The study area

The Mnisi community is situated in the north-eastern corner of the Bushbuckridge Municipal Area, Mpumalanga Province, South Africa. This mainly Shangaan-speaking community of which over 40,000 people are included in the study area, has a long and proud history under the leadership of the Mnisi Traditional Authority (MTA).

Chief Hosi Mnisi

Chief Hosi Mnisi

The study area falls within the savannah ecosystem and includes the adjacent Andover and Manyeleti provincial game reserves. Manyeleti Game Reserve was recently incorporated into the Kruger National Park through the removal of a fence and now forms part of important conservation initiatives such as the Great Limpopo Transfrontier Conservation Area (GLTFCA). The entire study area is further part of the Kruger2Canyon Biosphere, a unique biodiversity hotspot.

The study area in the Mnisi community relative to the Kruger National Park and adjacent game reserves

The study area in the Mnisi community relative to the Kruger National Park and adjacent game reserves. The Hluvukani Animal Clinic is in the centre of the study area and the Hans Hoheisen Wildlife Research Station in the Great Limpopo Transfrontier Park at the Orpen Gate into the Kruger National Park

The MTA is represented on the joint management committees of the Andover and Manyeleti game reserves and further governs all the villages and communal land under its authority through a structure of representatives from the village-indunas right through to the Chief himself. The MTA is recognized by government and governs in close collaboration with the local municipal and provincial authorities. Its people are friendly, proud, yet modest semi-pastoralists faced with numerous challenges within their rural environment.

The main agricultural activity is livestock farming of which cattle is by far the most important species. Goats and chickens are abundant with only a handful of donkeys and pig farmers making up the rest of the livestock. Cash crops and vegetables are produced mostly for home consumption and grazing land is continuously shrinking due to urbanization and the expansion of cultivated fields. Apart from the ever-present challenges of livestock keeping in semi-arid regions in the form of water and grazing availability, over two thirds of the study area’s land is on the interface with provincial and private game reserves. A feeble yet important fence is the only barrier between livestock and abundant wildlife populations in which foot-and-mouth disease (FMD) and Corridor disease, among other, are endemic in many species. The sub-tropical climate in combination with high host densities provide suitable conditions for many tick species to flourish and include known vectors of important diseases such as Corridor disease, redwater, heartwater and anaplasmosis.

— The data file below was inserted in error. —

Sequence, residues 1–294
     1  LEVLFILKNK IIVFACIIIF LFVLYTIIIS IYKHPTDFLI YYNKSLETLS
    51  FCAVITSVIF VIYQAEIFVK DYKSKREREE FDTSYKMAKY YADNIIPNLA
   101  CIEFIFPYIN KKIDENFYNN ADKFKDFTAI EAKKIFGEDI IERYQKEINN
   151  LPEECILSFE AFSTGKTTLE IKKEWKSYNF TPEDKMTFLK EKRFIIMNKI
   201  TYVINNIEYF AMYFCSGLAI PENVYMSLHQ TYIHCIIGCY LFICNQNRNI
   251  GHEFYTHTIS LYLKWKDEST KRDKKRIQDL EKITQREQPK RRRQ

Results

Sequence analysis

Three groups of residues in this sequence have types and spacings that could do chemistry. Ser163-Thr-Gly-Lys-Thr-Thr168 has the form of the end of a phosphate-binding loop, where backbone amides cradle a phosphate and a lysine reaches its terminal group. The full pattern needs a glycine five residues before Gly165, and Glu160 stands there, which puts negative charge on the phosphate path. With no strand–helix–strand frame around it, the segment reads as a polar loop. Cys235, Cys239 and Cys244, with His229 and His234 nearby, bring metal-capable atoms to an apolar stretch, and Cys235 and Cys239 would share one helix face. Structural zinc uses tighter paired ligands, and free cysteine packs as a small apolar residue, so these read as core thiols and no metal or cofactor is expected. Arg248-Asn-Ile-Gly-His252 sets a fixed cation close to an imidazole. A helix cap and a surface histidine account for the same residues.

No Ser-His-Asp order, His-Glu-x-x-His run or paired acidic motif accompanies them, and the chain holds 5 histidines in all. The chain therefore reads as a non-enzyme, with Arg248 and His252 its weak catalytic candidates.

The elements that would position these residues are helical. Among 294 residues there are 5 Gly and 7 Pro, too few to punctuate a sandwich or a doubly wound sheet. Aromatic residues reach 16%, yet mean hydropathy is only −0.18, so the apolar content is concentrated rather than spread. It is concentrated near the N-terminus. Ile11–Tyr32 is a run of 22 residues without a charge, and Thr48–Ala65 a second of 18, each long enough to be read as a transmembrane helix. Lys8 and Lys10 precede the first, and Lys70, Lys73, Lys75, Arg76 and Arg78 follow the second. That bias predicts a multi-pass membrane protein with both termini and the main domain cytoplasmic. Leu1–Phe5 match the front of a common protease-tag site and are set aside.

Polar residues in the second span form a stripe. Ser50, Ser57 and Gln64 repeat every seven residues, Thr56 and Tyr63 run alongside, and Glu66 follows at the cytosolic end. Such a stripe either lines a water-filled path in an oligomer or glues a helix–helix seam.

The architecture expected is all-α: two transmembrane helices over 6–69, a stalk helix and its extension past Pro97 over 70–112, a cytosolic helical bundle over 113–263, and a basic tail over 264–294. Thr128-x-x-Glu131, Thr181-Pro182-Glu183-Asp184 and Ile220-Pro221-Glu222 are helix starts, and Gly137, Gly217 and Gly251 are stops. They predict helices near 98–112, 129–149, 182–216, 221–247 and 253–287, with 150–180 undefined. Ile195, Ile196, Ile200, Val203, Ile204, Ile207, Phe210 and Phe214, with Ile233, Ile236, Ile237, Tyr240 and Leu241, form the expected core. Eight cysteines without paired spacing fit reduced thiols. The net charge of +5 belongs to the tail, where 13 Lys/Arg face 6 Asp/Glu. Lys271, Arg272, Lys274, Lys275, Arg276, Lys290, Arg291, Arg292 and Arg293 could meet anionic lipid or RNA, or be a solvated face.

Cattle grazing next to the fence of the Manyeleti Game Reserve

Cattle grazing next to the fence of the
Manyeleti Game Reserve

Cattle at a diptank during their weekly dipping session

Cattle at a diptank during their weekly
dipping session

Rather frequent contact between livestock and wildlife in the area despite the presence of game-proof fences, accentuated by the seriousness of the highly infectious FMD present in especially buffalo, necessitated intervention by national and local governmental authorities. A control zone was established alongside the boundaries of these nature reserves and communal farming land to serve as a buffer between conservation areas and the commercial livestock industry. Fences were constructed to control animal movement from the buffer zone and to limit contact between wildlife and livestock. All livestock within these control areas, such as the MCP study area, are subsequently inspected on a regular basis and vaccinated against FMD on an annual basis since the 1960s. Animal movements and associated trade restrictions in the control areas were enforced. Comprehensive disease surveillance measures were implemented - mainly in the form of cattle dip tanks built throughout the region, which every cattle herd must visit for dipping and inspection once a week.

Despite frequent dipping and interaction between animal health technicians and farmers in the area, tick-associated diseases and problems are ample and the mostly subsistence farmers therefore rely heavily on the government’s support structures for help. However, veterinary authorities themselves are often restrained by manpower and funding and therefore prioritises their resources not necessarily for development and improvement but understandably rather for risk management and surveillance.
The Mnisi community realised that their needs go much further. Subsequently, a partnership with the University of Pretoria’s Faculty of Veterinary Science was developed over time in order to assist with many of these concerns. After a couple of years of collaboration, planning, and relationship-building the MCP was established in 2008. The MCP together with the HHWRS and HAC strives to serve as a model for research, training and community engagement at the wildlife/livestock interface with a significant local and regional impact.

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